Most PICU Clinicians Report Moral Distress During COVID-19 Pandemic
About 85% of pediatric critical care clinicians reported some degree of moral distress, according to a April to May 2020 survey of 337 pediatric critical care professionals.1
“At the start of the pandemic, the world’s attention was, rightfully so, on the adult ICUs caring for the critically ill adult patient populations,” says Tessy A. Thomas, DO, MBE, one of the study’s authors and an assistant professor of pediatrics and bioethics at the Center for Translational Bioethics and Health Care Policy.
Thomas and colleagues studied whether pediatric critical care clinicians were experiencing anticipatory active moral distress. “It would be only a matter of time before we would possibly be in the same distressing situations as they were,” says Thomas, pediatric intensivist in the division of critical care medicine at Janet Weis Children’s Hospital at Geisinger Medical Center in Danville, PA.
Were providers distressed out of anticipation of what might be coming during the pandemic, or was it because of known professional challenges that existed before? These challenges included scarce resources, inadequate staffing, supervisors asking staff to handle duties outside professional training, family or patient choices, institutional policies, conflicting opinions about care, miscommunication among team members, and power differentials. Many of these trying situations have existed for years.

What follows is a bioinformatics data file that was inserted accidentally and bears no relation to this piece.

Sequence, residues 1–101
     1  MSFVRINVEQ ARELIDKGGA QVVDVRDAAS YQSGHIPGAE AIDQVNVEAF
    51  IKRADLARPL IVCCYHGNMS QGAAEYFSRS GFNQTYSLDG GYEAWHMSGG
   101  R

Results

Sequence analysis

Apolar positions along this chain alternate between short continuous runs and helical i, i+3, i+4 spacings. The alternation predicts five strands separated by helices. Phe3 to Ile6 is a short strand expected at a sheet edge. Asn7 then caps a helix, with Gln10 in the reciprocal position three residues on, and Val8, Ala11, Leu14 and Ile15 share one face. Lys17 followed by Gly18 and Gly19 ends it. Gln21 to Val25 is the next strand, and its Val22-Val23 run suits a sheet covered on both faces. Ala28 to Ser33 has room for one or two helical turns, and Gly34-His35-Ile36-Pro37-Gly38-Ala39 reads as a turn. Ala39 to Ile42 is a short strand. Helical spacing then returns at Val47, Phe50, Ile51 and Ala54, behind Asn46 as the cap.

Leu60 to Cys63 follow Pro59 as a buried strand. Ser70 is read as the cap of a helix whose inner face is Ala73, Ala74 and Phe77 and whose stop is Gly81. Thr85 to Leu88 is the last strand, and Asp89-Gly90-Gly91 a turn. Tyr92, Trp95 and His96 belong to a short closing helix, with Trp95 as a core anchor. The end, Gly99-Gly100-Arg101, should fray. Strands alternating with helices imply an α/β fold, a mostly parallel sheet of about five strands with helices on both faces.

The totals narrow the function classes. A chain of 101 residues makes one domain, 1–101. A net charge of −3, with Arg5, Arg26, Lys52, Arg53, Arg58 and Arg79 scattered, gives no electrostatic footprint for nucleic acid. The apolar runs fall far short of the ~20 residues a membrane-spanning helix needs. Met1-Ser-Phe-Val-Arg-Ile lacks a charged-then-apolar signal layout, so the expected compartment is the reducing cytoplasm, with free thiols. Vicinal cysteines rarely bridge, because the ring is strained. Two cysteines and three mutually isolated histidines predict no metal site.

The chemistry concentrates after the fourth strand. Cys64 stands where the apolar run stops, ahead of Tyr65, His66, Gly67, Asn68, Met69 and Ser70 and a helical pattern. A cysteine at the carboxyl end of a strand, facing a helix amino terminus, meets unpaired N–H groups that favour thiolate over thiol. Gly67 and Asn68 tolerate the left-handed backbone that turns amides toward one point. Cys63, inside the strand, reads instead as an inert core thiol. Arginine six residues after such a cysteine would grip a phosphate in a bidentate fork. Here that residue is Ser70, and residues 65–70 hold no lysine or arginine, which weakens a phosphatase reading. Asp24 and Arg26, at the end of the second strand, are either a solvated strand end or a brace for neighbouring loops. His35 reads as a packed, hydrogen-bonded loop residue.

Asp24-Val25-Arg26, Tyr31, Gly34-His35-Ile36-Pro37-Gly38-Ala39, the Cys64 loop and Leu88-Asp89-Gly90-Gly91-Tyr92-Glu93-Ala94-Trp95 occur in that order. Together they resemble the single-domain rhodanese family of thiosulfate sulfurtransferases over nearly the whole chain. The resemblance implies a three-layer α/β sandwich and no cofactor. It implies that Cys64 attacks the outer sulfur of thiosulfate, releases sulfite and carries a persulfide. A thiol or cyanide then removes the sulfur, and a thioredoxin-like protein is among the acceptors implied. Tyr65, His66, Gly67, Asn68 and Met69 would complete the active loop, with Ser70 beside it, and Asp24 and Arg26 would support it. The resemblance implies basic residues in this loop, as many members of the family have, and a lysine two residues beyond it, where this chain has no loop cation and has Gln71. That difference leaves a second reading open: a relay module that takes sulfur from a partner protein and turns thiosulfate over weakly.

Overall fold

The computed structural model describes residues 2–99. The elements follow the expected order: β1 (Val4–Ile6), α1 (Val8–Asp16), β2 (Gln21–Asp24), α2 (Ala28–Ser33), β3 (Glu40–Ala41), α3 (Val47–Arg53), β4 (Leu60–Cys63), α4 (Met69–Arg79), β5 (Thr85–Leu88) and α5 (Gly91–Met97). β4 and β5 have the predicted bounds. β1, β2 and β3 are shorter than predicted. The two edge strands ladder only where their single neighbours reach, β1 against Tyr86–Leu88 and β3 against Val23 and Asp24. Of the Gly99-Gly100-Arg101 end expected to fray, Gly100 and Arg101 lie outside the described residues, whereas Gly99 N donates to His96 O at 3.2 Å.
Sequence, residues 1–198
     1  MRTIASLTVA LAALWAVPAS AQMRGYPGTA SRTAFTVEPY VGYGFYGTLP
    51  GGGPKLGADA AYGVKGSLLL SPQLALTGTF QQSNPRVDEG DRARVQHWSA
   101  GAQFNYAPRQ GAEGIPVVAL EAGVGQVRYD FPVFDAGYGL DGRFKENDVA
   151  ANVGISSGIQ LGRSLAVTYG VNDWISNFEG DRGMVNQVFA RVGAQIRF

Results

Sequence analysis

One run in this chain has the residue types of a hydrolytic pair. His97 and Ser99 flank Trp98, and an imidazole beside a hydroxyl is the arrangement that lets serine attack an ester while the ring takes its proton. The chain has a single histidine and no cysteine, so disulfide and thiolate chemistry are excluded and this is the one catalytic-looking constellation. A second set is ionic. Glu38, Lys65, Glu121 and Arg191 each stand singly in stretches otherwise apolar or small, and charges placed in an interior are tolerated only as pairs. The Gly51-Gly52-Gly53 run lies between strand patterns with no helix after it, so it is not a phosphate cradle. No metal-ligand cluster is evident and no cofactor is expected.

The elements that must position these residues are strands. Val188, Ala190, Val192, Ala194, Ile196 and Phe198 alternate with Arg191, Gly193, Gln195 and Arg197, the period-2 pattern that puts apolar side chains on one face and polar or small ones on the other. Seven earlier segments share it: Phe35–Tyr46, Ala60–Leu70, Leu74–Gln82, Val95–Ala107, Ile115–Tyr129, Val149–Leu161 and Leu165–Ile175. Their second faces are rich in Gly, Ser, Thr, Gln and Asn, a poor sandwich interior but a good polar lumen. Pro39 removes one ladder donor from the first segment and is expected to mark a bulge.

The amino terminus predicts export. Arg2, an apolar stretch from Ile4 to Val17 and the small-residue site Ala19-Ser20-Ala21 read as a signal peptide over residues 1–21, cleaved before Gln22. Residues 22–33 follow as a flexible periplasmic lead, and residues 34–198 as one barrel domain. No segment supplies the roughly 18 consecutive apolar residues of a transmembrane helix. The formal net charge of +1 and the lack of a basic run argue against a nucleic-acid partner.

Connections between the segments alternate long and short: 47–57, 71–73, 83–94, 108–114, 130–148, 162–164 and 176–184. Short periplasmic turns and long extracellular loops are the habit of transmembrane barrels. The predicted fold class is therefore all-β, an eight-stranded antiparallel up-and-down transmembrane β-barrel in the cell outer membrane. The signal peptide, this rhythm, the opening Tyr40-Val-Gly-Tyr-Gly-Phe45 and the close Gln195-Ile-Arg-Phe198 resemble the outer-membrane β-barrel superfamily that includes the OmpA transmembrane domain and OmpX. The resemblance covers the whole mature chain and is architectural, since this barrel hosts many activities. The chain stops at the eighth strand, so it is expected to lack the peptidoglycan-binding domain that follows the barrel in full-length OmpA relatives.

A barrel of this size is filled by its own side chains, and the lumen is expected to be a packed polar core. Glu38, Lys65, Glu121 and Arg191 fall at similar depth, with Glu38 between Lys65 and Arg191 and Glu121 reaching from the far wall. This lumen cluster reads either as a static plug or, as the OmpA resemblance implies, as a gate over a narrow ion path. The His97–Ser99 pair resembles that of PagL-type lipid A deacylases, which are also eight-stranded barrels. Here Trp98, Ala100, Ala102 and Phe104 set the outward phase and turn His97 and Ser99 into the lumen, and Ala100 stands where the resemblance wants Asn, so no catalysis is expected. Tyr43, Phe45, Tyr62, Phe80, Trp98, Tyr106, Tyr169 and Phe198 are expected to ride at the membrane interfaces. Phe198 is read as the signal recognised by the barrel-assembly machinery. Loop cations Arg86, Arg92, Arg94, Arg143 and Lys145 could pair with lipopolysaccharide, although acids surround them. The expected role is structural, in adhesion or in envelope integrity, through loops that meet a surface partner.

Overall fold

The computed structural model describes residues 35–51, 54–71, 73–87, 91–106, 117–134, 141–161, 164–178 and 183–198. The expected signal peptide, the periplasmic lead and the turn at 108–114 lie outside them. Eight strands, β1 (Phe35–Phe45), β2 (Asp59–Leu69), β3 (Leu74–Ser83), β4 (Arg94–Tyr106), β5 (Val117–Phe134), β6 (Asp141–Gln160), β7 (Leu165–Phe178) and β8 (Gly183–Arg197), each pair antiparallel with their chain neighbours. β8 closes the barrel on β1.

“The acute pressure of the pandemic quickly brought to light numerous chronic vulnerabilities of our fragile healthcare systems and workforce,” Thomas notes.
The researchers also wanted to know if the pediatric critical care clinicians were preparing to remain resilient in the midst of these challenges. “Our findings indicate that despite the challenges, healthcare providers remain resilient,” Thomas reports.
Notably, about the same number of providers who reported moral distress indicated lingering distress continued to weigh them down after an ethically complex case.
“Moral distress is a universal phenomenon that is inherent within healthcare. We need to acknowledge that it is not a one-time phenomenon that simply goes away,” Thomas says. “Being afraid to discuss distress or feeling silenced is not the answer.”
Thomas suggests ethicists join rounds on various units, routinely conduct multiprofessional team debriefing sessions within departments and units, and offer educational workshops on ethical frameworks.
“Allow employees to be part of the solution and be participants in brainstorming ideas to address everyday problems at the bedside,” Thomas advises.
For example, engaging in frequent informal “check-ins” with staff helps ethicists develop strong relationships.
“To create flourishing professions, we have to equip bedside healthcare providers with the knowledge, skills, attitudes, voices, and moral characteristics needed to compassionately care for vulnerable populations within complex sociotechnical systems,” Thomas says.
- Thomas TA, Davis FD, Kumar S, et al. COVID-19 and moral distress: A pediatric critical care survey. Am J Crit Care 2021;30:e80-e98.
Ethicists should join rounds on various units, routinely conduct multiprofessional team debriefing sessions within departments and units, and offer educational workshops on ethical frameworks.
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